The Supreme Court of the United States (SCOTUS) agreed to allow states to impose a tax on online transactions in the recent case South Dakota v. Wayfair.
Why is the ruling important? In order to move forward with this change, SCOTUS had to overturn two previous decisions, one in 1967 and one in 1992. These rulings led to a required physical presence rule in order for a state to tax a business. If a business did not have a physical presence in a state, the state could not tax the business.
This is no longer the case.
In South Dakota v. Wayfair, the state successful argued for a change. Ultimately, Justice Anthony Kennedy was joined by Justices Clarence Thomas, Ruth Bader Ginsburg, Samuel Alito and Neil Gorsuch in stating the physical presence rule was wrong from the beginning and that the “internet revolution has made its earlier error all the more egregious and harmful.”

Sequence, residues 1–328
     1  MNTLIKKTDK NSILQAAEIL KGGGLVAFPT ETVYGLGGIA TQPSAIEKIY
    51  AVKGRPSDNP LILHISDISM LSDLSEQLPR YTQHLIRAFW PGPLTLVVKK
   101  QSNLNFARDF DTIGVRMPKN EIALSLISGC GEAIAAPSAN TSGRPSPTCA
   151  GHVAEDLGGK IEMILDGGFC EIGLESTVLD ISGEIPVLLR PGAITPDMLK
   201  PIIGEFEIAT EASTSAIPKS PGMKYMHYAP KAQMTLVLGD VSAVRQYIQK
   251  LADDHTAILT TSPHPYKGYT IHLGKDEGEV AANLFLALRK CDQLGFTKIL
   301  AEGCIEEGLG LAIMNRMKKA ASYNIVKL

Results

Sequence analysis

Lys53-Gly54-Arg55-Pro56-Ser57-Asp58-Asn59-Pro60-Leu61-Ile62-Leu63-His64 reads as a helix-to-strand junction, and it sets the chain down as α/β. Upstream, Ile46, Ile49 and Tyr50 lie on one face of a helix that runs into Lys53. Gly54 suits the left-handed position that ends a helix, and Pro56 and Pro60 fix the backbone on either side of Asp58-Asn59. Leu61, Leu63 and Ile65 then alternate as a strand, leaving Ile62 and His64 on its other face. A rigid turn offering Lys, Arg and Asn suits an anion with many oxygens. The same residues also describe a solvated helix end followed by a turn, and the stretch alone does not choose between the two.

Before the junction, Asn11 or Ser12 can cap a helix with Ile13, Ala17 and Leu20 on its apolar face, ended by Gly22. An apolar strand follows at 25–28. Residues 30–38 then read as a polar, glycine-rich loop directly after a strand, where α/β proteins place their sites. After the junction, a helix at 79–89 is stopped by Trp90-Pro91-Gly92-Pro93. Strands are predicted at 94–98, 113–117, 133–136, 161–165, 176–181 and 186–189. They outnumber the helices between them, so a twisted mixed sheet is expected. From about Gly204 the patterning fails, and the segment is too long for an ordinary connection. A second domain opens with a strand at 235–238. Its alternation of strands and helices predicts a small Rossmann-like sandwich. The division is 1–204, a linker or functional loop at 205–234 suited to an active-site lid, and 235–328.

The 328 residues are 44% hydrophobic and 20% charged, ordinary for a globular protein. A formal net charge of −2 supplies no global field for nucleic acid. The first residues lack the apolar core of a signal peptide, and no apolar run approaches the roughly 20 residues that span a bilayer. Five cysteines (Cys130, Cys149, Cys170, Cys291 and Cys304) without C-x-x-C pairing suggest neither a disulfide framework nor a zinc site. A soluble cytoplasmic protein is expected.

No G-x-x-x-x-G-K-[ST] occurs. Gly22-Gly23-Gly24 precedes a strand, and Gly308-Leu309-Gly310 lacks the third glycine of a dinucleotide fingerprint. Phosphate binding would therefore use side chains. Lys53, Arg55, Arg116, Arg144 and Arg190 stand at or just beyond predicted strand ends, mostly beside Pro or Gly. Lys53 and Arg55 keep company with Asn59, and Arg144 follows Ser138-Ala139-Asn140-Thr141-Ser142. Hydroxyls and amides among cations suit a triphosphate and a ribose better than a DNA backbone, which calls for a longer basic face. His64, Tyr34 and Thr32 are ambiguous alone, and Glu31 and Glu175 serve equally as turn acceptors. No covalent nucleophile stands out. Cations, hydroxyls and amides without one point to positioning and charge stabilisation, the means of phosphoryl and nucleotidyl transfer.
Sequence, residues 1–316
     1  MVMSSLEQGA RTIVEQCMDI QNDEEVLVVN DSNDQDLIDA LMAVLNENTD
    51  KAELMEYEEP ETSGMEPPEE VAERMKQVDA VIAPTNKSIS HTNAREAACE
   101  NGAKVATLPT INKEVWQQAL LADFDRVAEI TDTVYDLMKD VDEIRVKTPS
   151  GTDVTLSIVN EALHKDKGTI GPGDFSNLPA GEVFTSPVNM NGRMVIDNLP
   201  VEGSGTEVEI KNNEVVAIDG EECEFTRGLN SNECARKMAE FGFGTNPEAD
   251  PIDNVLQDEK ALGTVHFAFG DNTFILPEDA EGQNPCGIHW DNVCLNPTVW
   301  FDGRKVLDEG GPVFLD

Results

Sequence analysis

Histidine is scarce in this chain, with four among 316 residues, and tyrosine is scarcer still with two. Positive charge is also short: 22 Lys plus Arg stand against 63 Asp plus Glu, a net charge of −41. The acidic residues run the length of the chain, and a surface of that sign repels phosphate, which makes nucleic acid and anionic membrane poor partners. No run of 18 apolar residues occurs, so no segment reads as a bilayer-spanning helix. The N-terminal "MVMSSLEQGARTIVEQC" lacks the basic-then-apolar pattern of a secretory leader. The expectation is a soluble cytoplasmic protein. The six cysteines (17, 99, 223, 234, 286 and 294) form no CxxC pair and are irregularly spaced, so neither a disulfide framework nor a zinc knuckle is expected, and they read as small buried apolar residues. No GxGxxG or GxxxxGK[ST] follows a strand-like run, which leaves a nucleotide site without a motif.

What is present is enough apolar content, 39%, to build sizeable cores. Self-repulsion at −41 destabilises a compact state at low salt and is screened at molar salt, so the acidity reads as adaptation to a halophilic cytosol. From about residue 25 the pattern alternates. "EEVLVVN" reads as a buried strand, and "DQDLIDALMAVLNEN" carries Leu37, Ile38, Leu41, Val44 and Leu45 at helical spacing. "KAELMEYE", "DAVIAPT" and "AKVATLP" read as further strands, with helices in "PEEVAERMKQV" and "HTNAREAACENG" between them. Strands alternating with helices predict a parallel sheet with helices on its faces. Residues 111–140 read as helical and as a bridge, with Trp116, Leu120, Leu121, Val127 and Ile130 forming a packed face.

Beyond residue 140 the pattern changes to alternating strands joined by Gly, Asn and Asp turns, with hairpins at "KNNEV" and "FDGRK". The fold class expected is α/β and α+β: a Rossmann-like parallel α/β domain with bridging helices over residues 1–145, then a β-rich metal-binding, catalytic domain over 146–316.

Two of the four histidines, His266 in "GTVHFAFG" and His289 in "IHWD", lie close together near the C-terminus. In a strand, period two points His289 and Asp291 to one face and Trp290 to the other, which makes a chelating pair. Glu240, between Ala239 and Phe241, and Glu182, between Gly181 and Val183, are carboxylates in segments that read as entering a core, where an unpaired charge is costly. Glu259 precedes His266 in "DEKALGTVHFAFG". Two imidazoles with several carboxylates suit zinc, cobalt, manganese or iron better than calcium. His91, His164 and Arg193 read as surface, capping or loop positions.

Can states start taxing businesses at any time? In short, no. States still need to meet certain requirements before they can tax a business. Most notable, the court pointed out that states should avoid “excessive compliance burdens on out-of-state sellers.” Anything viewed as excessive could face a challenge in court.
What will happen next? States will likely begin imposing taxes on these transactions. Unless Congress acts to set rules on how states impose such a tax, it is very likely a business will take the state to court based on a tax dispute over what is and is not an excessive compliance burden will result.